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UK House prices: News & Views

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Halifax shows UK house prices up >1% in June. But >3% down year on year.

 

Surprisingly the media are broadly still gloomy - even the BBC is downplaying the significance of the rise.

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Halifax shows UK house prices up >1% in June. But >3% down year on year.

 

Surprisingly the media are broadly still gloomy - even the BBC is downplaying the significance of the rise.

Looks like the bottom may be close :lol:

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The Scotsman weighs in -- op=ed piece from today's paper

 

http://business.scotsman.com/business/Only-when-property-prices-become.6796506.jp?articlepage=1

 

Only when property prices become genuinely affordable will the market get moving again

 

Published Date: 06 July 2011

By Ken Taylor

MILLIONS of us have exposure to property so we're bound to have a vested interest in believing that house prices will rise.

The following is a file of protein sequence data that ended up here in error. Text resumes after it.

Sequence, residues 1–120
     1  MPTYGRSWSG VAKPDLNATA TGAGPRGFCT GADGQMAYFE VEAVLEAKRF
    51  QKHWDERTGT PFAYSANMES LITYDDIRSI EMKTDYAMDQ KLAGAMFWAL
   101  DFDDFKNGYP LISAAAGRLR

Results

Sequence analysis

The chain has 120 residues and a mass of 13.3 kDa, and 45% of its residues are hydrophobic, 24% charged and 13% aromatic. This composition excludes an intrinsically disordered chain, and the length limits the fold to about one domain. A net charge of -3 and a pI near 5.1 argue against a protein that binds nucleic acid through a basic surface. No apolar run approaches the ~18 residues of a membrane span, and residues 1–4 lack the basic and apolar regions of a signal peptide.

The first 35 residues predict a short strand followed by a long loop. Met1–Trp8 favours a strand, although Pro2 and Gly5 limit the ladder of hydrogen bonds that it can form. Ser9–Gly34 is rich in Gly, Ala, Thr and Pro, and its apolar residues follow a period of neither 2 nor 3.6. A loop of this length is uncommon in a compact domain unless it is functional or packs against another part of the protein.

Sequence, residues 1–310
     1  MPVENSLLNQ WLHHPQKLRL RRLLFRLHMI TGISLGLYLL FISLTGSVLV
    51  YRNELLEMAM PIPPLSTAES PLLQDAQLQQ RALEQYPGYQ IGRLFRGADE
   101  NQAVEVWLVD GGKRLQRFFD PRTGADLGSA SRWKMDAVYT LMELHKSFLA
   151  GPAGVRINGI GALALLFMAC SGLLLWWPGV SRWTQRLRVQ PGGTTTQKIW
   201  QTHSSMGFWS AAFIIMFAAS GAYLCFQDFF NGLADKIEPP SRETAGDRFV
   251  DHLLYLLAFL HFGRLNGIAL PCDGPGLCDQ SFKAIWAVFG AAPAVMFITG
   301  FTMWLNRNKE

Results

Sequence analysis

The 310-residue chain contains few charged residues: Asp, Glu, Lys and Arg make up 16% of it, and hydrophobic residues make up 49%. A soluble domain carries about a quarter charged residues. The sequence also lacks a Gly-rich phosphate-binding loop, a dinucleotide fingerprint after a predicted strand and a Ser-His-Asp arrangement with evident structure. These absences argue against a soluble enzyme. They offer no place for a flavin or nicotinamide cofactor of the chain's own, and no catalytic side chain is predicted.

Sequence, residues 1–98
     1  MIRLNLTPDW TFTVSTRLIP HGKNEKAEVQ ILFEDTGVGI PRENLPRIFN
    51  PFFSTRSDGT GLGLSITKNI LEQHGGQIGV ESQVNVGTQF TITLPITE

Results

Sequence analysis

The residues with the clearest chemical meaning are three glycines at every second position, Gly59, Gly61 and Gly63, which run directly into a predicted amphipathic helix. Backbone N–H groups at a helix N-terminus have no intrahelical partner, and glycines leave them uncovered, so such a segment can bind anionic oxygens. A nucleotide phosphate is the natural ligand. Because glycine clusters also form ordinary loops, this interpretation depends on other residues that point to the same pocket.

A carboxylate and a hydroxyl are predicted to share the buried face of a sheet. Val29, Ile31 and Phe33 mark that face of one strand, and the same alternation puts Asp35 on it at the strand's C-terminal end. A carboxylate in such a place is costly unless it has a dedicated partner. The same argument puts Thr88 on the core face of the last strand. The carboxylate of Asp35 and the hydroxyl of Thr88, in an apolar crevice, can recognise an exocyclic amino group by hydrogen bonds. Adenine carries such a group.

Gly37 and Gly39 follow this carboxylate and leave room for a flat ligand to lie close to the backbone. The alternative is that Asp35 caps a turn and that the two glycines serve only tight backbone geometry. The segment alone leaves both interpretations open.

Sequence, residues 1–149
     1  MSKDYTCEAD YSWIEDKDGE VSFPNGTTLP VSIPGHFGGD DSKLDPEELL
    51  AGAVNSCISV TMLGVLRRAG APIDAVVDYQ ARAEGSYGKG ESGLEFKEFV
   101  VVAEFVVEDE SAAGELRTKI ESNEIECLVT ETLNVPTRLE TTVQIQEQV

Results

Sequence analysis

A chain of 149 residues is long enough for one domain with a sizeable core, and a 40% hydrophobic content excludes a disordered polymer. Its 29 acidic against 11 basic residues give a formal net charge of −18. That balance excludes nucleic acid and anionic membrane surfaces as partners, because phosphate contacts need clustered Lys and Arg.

The British are unquestionably a property owning democracy, which sets us apart from many of our continental neighbours. Much of our previous government's economic policy was based on the simple premise that property prices will continue to rise, hence the consumer-fed debt crisis that we are now coming to terms with. Those who felt comfortable in the knowledge that their home was worth more than it was a year ago were also happy to take on additional debt in the form of credit card expenditure, additional borrowing against their property or simply a more affluent lifestyle.

 

The most widely held justification for house prices continuing to rise from current levels is the shortage of housing supply. However, I believe that there is plenty of evidence supporting an opposite view on property prices that is well worth considering.

 

The first point is that we are enduring a long period of abnormally low interest rates. Historically, the base rate has hovered marginally above inflation, but clearly the present picture is far removed from that.

 

This situation has contributed to a lack of forced sellers in the market, and hence prices have remained relatively stable. But at some future point what might be termed a return to "normalisation" is likely to occur. It's not possible to predict with any certainty when or indeed in what form such a change of circumstances might come, but it seems likely that such a shift will occur. If this is true, then we are likely to witness a glut of sellers in the market, which can only result in falling valuations.